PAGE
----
INFORMATION TECHNOLOGY

Fintech

Hong Kong regulators to push for greater clarity in fintech market guidance to help companies develop

City looks to burnish credentials as an international hub for financial innovation as it stages second annual FinTech Week this October

PUBLISHED : Friday, 08 September, 2017, 9:03am
UPDATED : Friday, 08 September, 2017, 9:03am

Hong Kong’s securities, banking and insurance regulators are looking to offer greater guidance on financial technology innovation in the city, following recent developments in the adoption of blockchain, artificial intelligence and so-called initial coin offerings (ICO).

That would provide the local economy’s growing number of fintech start-ups and more established enterprises with increased clarity on how to pursue initiatives driven by those technologies, according to the regulators.

Their plans took centre stage on Thursday at a press briefing for the city’s second annual FinTech Week, which will be held from October 23 to 27 at the Hong Kong Convention and Exhibition Centre in Wan Chai.

“Financial innovation is changing the way in which securities products and services are being delivered to investors,” said Julia Leung Fung-yee, the executive director for the intermediaries division at the Securities and Futures Commission (SFC).

Leung added, however, that the rush to adopt advanced fintech solutions in the market may need to be tempered by further guidance.

Hong Kong regulator trains sights on digital currency fundraising a day after China bans it

Such a situation played out this week when the SFC put companies planning ICOs on notice that any such digital fundraising activity may fall under Hong Kong’s securities code, requiring them to be registered with the regulator.

“We are concerned about an increase in the use of ICOs to raise funds in Hong Kong and elsewhere,” said Leung.

The original SFC statement on ICOs came a day after the People’s Bank of China banned fundraising schemes using ICOs after finding that 90 per cent of those launched on the mainland were fraudulent.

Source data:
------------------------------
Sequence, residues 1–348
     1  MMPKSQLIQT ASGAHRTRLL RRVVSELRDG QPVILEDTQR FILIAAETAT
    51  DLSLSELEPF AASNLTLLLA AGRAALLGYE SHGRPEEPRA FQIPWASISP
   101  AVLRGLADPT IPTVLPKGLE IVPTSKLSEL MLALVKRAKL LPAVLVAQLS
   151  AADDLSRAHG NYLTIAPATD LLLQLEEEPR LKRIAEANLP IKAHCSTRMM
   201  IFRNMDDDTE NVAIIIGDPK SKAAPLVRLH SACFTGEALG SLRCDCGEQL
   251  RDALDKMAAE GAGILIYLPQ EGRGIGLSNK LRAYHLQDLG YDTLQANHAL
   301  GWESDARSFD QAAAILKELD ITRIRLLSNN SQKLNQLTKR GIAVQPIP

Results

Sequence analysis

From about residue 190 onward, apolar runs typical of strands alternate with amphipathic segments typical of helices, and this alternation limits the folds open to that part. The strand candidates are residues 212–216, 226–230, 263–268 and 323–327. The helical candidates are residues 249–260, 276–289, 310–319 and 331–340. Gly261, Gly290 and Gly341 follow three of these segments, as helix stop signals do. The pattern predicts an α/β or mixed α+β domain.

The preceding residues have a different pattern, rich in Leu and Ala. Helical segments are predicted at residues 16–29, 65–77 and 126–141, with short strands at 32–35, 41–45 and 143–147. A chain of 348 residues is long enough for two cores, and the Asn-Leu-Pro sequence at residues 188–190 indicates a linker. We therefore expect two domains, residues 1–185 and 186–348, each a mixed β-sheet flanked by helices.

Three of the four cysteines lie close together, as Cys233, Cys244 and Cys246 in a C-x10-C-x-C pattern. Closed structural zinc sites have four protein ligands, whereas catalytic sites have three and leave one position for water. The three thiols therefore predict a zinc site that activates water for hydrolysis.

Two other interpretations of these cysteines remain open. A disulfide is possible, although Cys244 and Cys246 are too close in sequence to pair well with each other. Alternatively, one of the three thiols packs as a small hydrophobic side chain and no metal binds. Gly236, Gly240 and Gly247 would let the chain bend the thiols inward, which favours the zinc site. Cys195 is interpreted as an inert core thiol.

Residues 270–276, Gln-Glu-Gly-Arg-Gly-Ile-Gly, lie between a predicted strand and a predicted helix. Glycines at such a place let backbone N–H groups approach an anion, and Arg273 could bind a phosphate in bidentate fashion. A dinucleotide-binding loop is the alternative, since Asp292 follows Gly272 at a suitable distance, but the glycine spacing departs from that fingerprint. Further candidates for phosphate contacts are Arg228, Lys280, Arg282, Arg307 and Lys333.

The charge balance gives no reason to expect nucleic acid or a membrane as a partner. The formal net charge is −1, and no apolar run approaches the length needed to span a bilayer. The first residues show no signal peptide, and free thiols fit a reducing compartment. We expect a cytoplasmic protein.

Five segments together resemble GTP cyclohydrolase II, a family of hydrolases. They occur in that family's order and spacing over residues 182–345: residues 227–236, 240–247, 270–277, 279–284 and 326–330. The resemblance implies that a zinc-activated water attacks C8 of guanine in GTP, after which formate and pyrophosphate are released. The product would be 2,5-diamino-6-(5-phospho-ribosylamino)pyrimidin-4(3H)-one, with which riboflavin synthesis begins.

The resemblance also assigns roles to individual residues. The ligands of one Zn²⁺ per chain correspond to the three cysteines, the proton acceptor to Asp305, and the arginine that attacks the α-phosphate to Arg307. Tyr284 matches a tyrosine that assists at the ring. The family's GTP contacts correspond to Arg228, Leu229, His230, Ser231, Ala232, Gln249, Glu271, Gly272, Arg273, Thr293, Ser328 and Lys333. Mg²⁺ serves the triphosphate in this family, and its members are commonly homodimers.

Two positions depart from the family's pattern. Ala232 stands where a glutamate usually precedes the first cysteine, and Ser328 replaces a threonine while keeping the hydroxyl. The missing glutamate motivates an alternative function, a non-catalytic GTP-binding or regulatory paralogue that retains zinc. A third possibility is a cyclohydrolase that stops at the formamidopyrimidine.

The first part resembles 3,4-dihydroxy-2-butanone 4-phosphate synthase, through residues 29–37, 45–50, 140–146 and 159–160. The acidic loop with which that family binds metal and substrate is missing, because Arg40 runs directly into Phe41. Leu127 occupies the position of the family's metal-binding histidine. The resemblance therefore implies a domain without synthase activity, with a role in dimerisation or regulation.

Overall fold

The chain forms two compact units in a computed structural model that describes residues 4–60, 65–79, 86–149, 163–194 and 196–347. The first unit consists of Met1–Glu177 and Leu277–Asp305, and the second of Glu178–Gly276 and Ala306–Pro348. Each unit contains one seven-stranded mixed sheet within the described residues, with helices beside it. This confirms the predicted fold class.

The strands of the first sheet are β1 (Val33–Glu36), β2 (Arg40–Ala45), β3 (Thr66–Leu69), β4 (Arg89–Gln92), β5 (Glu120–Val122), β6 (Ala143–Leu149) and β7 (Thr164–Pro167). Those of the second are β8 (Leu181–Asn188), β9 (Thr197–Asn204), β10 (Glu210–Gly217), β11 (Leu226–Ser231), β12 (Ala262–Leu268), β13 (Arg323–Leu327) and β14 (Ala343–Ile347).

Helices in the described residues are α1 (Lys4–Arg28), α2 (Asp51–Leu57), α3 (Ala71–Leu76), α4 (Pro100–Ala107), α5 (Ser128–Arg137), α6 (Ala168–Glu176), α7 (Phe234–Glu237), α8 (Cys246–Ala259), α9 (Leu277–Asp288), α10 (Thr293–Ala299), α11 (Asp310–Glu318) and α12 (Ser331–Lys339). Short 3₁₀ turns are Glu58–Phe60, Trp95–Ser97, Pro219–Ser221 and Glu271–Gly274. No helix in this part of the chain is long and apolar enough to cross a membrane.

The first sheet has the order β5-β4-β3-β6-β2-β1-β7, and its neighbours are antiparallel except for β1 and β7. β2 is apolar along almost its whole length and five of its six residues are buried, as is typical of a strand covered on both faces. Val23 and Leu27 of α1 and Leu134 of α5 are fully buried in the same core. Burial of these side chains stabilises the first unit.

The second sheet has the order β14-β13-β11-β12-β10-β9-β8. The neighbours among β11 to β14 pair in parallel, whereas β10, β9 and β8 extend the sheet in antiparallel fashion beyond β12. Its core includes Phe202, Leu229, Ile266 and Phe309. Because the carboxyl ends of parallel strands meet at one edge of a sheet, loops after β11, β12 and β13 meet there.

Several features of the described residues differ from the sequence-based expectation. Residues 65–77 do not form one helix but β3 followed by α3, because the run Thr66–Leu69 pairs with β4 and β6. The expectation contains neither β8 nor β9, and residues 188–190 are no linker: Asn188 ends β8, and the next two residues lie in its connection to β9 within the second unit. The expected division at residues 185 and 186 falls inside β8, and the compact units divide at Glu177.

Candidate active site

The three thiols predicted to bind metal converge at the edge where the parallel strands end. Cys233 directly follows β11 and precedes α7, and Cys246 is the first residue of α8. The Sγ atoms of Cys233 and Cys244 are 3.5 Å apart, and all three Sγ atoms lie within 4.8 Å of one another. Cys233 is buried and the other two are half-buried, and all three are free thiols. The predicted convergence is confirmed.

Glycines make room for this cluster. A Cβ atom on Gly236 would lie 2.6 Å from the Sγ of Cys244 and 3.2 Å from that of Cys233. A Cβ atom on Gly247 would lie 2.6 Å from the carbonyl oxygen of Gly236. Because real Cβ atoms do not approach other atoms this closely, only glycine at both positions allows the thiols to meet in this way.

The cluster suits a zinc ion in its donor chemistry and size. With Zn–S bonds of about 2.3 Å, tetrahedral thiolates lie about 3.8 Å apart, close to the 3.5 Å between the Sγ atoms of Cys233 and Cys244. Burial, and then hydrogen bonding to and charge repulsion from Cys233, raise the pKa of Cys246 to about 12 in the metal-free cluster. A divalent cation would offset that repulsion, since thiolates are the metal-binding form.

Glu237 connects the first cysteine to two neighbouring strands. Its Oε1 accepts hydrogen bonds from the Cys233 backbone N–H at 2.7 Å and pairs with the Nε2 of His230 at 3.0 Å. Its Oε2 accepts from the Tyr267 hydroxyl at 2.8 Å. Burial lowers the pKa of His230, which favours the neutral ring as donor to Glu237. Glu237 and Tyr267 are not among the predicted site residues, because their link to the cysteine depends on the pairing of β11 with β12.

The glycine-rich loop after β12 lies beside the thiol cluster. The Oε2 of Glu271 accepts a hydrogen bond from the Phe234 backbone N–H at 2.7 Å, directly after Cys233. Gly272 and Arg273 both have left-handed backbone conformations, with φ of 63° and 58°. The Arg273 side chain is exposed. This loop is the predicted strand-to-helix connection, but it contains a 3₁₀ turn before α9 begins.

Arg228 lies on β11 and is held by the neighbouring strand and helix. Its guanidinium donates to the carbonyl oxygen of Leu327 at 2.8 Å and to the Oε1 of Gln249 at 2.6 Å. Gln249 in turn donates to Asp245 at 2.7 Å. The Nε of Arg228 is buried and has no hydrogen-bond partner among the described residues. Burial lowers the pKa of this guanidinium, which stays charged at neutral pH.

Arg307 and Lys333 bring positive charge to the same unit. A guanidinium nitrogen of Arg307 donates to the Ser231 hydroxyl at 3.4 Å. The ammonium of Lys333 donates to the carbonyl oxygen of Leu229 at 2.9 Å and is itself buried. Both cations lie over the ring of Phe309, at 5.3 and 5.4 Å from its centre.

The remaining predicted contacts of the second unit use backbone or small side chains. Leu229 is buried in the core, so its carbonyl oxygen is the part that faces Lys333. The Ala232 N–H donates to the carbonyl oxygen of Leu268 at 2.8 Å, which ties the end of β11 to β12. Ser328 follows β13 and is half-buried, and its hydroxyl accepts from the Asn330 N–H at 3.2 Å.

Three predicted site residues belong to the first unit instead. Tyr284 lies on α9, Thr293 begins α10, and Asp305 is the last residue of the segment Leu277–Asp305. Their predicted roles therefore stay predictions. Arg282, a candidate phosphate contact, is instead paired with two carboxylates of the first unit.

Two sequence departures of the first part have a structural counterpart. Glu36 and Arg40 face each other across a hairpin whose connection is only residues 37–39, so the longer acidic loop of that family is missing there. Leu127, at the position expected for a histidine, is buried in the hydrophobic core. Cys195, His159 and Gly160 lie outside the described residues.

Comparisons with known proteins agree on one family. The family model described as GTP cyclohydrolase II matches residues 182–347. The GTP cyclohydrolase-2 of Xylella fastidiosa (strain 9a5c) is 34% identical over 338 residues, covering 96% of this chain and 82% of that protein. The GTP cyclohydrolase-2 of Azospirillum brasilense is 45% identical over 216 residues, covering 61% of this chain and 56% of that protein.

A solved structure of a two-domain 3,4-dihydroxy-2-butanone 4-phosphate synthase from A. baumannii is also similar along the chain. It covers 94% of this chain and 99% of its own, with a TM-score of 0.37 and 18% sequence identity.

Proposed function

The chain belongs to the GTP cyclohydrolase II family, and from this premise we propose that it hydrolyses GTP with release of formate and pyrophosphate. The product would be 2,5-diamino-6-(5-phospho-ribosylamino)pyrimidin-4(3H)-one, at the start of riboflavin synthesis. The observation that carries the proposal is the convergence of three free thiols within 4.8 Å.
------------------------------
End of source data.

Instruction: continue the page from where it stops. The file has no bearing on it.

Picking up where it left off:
In an ICO, a company’s newly created cryptocurrencies – called tokens – are used to represent a percentage of ownership in a business. That is similar to how shares in an initial public offering signify a stake in a company.

The difference lies in that an ICO is unregulated and bypasses the rigid capital-raising process required by financial institutions.

What is an ICO, and why is China’s central bank banning it?

Henri Arslanian, a member of the temporary board of the FinTech Association of Hong Kong, said it was important for fintech start-ups to seek professional advice before undertaking an ICO.

“Unfortunately, there are a lot of bad apples who are trying to take advantage of the situation,” Arslanian said.

Further guidance for blockchain, the highly touted technology behind cryptocurrency bitcoin, will be provided by the Hong Kong Monetary Authority (HKMA) during the FinTech Week.

Li Shu-pui, executive director at the HKMA, said a new white paper on blockchain technology and cross-border collaboration on trade finance will be unveiled during that event.

“The theme this year is collaboration,” Li said. “If you really want to build a fintech ecosystem, collaboration is more important than competition.”

In March this year, the HKMA joined forces with professional services group Deloitte and five of the city’s top banks to develop a proof-of-concept distributed ledger platform for trade finance using blockchain technology.

The project was designed to demonstrate the feasibility of using blockchain to reduce the risk of fraudulent activity, while increasing business transparency, operational efficiency and productivity in trade finance.

The HKMA defines blockchain as a technology that supports networks of databases which enable participants to create, disseminate and store information in a secure and efficient manner. That set-up eliminates the need for a central authority and brings greater transparency for regulatory reporting.